Language selection


Flak, "Coning" and the impact of losing aircraft.

Heroes Remember

Flak, "Coning" and the impact of losing aircraft.

There's lots of times you come back on three engines, sometimes two. But that's from flak more than anything else. Shoot up at you and they could reach up there with those 88s, they just... You could see the bursts, and, and you know the, the... It's hard to believe, but even with the engines run, running you can hear the flak hit the, hit the air plane. Yeah, that makes you a little uneasy. Just, just for a little while. But in, over a target, or, or flying anywhere like that, of course you weren't in the search lights and things like that, but, yeah... Especially the Ruhr Valley, it was just... There are 60 miles of search lights there. And they're up there all the time at ya. If you ever got hit, caught in the cone of one of those... you usually have four or five search lights and there's one master search light on there and then when he locks on you, all the rest come over on you and they shoot the flak up the cone. But you break that then, that's when you have to do some corkscrews to try to get out of it. It's just like daylight. You could read a book. That's how bright that is, especially on a clear night. On those clear nights we never liked to fly. It's just, it's just too brilliant for the... Fighters can pick you out like crazy. Some targets are harder than others, worse... Some of them are longer than others too, further to go. And sometimes the track that they set for you isn't right. And if your navigator isn't too good, you're over top of the flak positions to start with. And the fighter knows... not a good situation. Not good. But it works, it works out most times, but just the same, you still lose air planes. And there's seven people every time that an air plane goes down. And the worst raid, I wasn't on it. That was on the Nuremberg raid where there, they lost over a hundred air planes. So there'd be about a hundred and some odd guys died that night, just on one trip. So, it depends. It wasn't your night, it wasn't your night to go, eh. You got to have a lot of faith, I think. You got to have a lot of faith. You betcha. And luck, I guess. But the luck comes with faith too, so you have to look at it in that, that respect too. And it's good if you happened to have a crew that stayed sober, too. I don't think it... I wouldn't know how anybody flies... I'm surprised that they might, think that they'd be sick all the time, but... and you certainly wouldn't do the job that you were meant to do, and you got six others guys that's depending on you.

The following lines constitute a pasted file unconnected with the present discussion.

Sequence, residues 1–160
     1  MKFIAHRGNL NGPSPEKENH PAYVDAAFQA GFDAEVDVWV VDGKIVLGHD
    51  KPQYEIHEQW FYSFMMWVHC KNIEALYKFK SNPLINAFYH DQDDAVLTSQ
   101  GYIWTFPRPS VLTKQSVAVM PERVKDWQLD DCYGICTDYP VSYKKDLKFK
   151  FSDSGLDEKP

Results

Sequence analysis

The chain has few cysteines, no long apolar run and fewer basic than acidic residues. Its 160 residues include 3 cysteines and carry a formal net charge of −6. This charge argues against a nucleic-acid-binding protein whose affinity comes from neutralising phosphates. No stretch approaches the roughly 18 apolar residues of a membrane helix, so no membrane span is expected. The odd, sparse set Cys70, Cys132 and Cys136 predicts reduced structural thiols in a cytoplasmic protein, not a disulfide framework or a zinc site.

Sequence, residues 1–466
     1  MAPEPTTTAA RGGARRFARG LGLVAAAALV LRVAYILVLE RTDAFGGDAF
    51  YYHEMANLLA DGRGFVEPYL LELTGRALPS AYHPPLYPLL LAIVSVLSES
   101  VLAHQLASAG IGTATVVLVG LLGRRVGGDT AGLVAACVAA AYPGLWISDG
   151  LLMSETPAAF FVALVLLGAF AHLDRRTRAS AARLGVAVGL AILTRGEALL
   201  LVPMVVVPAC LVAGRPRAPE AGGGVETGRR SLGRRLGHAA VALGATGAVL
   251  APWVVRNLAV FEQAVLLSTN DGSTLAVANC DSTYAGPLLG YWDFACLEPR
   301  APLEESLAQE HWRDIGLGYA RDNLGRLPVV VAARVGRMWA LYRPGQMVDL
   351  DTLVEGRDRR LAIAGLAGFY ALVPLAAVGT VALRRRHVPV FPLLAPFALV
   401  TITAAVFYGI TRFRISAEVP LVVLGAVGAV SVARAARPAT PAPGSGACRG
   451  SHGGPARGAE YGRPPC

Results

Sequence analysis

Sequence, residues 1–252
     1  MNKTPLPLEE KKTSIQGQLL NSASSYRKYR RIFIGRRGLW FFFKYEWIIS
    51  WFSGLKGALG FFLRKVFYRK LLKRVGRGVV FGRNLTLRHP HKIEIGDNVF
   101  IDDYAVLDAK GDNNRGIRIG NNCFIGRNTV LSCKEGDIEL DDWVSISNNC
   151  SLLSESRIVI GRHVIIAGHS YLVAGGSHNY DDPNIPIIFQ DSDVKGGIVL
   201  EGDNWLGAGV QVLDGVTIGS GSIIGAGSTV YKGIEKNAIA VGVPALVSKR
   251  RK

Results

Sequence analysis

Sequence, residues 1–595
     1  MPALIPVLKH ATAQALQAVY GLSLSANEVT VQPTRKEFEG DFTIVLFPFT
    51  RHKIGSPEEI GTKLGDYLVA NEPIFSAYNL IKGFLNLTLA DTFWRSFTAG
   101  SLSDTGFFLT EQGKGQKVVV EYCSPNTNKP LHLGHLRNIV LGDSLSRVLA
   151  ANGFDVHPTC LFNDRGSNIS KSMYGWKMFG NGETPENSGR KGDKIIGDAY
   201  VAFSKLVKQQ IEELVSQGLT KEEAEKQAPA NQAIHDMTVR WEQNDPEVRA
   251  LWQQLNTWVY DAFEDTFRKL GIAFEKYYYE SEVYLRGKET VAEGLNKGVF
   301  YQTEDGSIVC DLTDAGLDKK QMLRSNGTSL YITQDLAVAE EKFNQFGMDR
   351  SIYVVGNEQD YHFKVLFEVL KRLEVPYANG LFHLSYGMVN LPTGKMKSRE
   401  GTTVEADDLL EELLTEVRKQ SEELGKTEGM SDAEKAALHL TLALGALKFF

Mr. Garrison describes German antiaircraft activity and its often devastating effects.

Glenn Garrison

Mr. Garrison was born in 1925 in Sarnia, Ontario. His family moved to Blackville, Ontario, in 1930. Although his father was a boiler maker with the Canadian National Railroad, Mr. Garrison's family was poor. When old enough, he went to work in a factory, then enlisted in 1943. He received his Air Gunner training in Lachine, Quebec, then shipped overseas on the Mauritania. He was a member of 428 Squadron. The Mid-Upper and Tail gunner positions were extremely vulnerable and he was fortunate to survive many bombing missions over France and Germany. These missions included the bombing of submarine pens in Southern France and the industrial area of the Ruhr Valley. At the age of 18, Mr. Garrison returned to Canada with 43 missions to his credit. At 19, he became a flying instructor at Fingor, then CO of the Turrets and Gunnery school at Mountain view. Mr. Garrison and his wife live on a farm in Sarnia. He has his own air plane and is still flying.

Meta Data
Veterans Affairs Canada
Person Interviewed:
Glenn Garrison
War, Conflict or Mission:
Second World War
Bomber Command
Air Force
428 Squadron
Flying Officer
Mid Upper / Tail Gunner

Copyright / Permission to Reproduce

Related Videos

Date modified: